Yesterday, video game publisher Bethesda Softworks drew the ire of the video game community after they released a blog post detailing their policy regarding how it will handle reviews of its games moving forward.
The policy reflects that of Doom earlier this year, where the game publisher withheld review copies to critics until a day before the game released, which resulted in speculation regarding the quality of the game. As it turns out, Doom was a commercial and critical hit, so it neither hurt critics nor consumers. As such, Bethesda has decided to do the same with their two upcoming titles: Skyrim: Special Edition and Dishonored 2.
In their announcement, Bethesda detailed the plan and some of the reasoning behind the move.
“Earlier this year we released DOOM. We sent review copies to arrive the day before launch, which led to speculation about the quality of the game. Since then DOOM has emerged as a critical and commercial hit, and is now one of the highest-rated shooters of the past few years.
“With the upcoming launches of Skyrim Special Edition and Dishonored 2, we will continue our policy of sending media review copies one day before release. While we will continue to work with media, streamers, and YouTubers to support their coverage – both before and after release – we want everyone, including those in the media, to experience our games at the same time.”
It’s important to note that while critics haven’t received advance copies of Skyrim, many YouTube personalities have. Kotaku’s Stephen Totilo relays one YouTuber named Grohlvana was given a copy because he was a “great supporter” of the series. Many other YouTubers have been able to stream and release videos leading up to the release of the game, yet there has been no chance for true criticism to take place, as the critics who would be doing so have yet to receive a code.
Bethesda is certainly well within their rights to do this, and no game reviewer or critic should ever expect they are getting a review code. The decision to do this doesn’t omit the policy from being examined by the media and fans alike. Bethesda’s policy has been met with a mixed reaction of sorts in the games community, and many critics and journalists are upset about the move. Some sites have decided to no longer cover Bethesda as a result, while others are calling for the stoppage of preview coverage on their games. However, some fans have praised Bethesda, seeing this as a victory over the critics whose job it is to provide information to those same cheering fans.
It is sad and infuriating to see how many people, who it is my job to serve, see today as a victory for them over my colleagues and I.— Vincent Ingenito (@Vincogneato) October 26, 2016
I stopped preordering games a while ago, but Bethesda has guaranteed that I'm never buying one of their games new again.— Frank (@FraynkWash) October 26, 2016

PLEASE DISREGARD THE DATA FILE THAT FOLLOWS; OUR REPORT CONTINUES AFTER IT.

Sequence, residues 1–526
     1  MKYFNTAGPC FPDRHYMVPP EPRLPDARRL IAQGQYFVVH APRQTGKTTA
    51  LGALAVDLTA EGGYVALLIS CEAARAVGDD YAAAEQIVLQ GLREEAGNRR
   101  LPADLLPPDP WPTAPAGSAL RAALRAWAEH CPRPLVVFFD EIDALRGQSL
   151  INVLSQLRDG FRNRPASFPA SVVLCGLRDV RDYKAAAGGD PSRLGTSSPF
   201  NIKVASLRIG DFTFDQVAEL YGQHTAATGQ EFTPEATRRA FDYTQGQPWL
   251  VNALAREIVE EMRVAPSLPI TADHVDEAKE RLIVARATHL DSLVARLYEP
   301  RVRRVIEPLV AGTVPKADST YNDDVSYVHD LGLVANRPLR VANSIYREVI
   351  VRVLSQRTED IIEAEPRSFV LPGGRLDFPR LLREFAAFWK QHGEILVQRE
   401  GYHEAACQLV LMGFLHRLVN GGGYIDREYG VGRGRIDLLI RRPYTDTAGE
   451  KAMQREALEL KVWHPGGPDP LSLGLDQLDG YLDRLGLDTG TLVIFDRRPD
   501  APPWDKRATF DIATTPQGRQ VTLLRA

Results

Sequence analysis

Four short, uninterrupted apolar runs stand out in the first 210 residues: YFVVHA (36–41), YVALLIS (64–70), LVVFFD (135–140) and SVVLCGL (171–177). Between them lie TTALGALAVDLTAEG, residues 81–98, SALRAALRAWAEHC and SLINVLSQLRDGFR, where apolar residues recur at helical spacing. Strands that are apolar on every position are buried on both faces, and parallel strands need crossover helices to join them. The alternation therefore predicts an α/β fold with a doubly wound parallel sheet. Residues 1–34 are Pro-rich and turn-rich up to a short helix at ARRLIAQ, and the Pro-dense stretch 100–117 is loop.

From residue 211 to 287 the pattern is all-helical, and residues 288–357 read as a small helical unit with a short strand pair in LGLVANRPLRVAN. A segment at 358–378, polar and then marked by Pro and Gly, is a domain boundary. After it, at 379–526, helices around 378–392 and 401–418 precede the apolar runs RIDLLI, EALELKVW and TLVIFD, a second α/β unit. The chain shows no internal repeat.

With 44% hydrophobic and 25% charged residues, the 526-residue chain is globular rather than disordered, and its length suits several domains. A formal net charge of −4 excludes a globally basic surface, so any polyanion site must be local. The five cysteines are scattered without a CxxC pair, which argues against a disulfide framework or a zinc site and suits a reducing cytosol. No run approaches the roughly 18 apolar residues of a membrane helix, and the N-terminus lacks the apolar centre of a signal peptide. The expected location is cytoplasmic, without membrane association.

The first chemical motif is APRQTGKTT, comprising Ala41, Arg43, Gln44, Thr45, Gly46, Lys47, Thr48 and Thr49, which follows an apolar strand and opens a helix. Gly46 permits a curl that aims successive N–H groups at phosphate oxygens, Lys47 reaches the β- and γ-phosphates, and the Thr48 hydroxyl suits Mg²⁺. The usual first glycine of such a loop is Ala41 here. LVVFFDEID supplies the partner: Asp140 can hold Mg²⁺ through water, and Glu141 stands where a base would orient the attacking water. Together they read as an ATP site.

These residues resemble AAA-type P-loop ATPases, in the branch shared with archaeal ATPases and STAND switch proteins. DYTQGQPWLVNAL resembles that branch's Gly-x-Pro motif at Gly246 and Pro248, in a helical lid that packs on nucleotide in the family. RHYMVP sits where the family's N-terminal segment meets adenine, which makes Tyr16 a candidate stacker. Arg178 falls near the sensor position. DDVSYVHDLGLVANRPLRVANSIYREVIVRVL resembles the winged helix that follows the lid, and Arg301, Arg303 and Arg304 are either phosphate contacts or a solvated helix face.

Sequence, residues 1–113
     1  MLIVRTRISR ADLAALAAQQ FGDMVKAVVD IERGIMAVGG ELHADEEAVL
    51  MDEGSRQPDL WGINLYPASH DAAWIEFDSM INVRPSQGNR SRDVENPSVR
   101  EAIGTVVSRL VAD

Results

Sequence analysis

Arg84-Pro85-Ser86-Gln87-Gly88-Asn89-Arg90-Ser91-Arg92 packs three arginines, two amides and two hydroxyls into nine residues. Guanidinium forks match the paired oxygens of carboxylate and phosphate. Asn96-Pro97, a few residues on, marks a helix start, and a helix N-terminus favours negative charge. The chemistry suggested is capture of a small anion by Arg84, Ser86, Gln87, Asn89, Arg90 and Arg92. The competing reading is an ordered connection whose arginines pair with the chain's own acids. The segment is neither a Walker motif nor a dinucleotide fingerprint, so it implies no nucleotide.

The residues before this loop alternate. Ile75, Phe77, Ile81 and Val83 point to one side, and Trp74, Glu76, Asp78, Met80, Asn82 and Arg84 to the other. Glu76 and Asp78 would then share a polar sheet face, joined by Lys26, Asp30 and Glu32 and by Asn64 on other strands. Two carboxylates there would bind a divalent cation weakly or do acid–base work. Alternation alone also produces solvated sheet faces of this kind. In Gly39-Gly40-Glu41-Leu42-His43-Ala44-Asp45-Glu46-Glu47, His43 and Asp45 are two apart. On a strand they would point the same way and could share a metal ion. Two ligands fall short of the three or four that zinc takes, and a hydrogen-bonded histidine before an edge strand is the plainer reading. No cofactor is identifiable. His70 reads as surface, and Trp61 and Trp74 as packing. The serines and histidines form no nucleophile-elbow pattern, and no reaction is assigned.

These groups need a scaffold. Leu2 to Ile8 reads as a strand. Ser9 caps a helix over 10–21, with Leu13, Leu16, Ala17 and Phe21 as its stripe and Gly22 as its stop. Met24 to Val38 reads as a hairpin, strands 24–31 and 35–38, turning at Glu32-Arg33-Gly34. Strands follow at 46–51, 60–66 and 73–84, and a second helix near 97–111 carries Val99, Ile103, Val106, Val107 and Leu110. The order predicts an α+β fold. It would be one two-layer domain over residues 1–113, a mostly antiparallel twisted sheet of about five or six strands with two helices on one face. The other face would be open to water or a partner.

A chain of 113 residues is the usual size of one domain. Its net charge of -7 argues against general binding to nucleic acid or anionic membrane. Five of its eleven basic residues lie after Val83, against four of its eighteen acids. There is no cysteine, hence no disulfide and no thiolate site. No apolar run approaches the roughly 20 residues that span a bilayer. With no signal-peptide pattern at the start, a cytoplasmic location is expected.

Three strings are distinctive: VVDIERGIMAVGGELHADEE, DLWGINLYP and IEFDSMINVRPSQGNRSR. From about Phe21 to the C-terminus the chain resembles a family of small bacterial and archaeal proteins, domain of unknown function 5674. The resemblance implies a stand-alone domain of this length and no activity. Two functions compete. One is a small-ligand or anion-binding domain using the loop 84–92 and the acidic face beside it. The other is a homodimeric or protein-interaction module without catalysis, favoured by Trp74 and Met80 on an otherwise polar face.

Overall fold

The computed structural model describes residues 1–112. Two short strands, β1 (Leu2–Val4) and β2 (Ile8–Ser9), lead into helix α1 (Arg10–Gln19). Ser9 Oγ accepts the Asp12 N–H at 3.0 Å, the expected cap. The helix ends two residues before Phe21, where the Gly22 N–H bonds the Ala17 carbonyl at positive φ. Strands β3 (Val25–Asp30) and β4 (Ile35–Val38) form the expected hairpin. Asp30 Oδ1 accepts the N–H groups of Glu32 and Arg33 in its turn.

Games media I think it's our moral obligation now to refuse Bethesda previews.— Holly Green (@winnersusedrugs) October 26, 2016
The issue with Bethesda's review policy is that they're more than happy to use those same outlets to get the word out via preview coverage.— Jeff Gerstmann (@jeffgerstmann) October 25, 2016
Bethesda's decision is fine with me. Since YouTube,I've found I get more out of watching someone play a game than reading someone's opinion.— Angelo Grant (@ARoguishHam) October 26, 2016
This is a complex, nuanced issue but keep in mind: no matter how the blog spins it, this is not player-friendly. It's Bethesda-friendly.— Jason Schreier (@jasonschreier) October 25, 2016
I like how game journalists are suddenly saying you shouldn't preorder games ever since Bethesda refused to give them review copies.— M∀RK (@FireBomberSeven) October 26, 2016
Bethesdas "we wont send review copies more than 24 hrs prior to launch" is anti-consumer but sadly not unexpected.— John Bain (@Totalbiscuit) October 25, 2016
Business is not a zero sum game. For you to win, others don't need to lose. Bethesda's policy ensures only they win. Media & consumers lose— Civilishanktion VI (@ShankTheTank) October 26, 2016
To their credit, Bethesda has urged customers who do rely on media reviews to make an informed buying decision to hold off on their purchase. However, it’s hard to take the company seriously when they will push pre-order bonuses to those willing to buy a game sight unseen.
And for Bethesda, this is likely something they are banking on, given the power of their game franchises. Many players will buy Skyrim or the next Fallout game because of the name alone, regardless of critical acclaim. However, as Erik Kain of Forbes points out, this policy can set a dangerous precedent for the medium moving forward.
Many are viewing this as anti-consumerism and a way to control the information given to consumers. And it’s hard not to agree, as this all but ensures that pre-release criticisms of Bethesda games are non-existent.
As Game Informer explained in their article on the subject, this only stands to benefit Bethesda.
“Only Bethesda stands to benefit, by gaining more control over what players see and hear about a game before it’s out on store shelves and selling copies.”
Warning: The following video contains some adult language.
It’ll be interesting to see how this turns out moving forward. More and more developers might also make this move, with news of 2K Games doing the same for the likes of Civilization VI and others. Bethesda is being transparent on the subject, which is good in a way, but ultimately this can hurt the consumer long-term. Less metered, critical information the consumer has access to, the more the consumer loses.
What are your thoughts on how Bethesda is handling their reviews moving forward? Sound off in the comments below.
[Featured Image by Bethesda]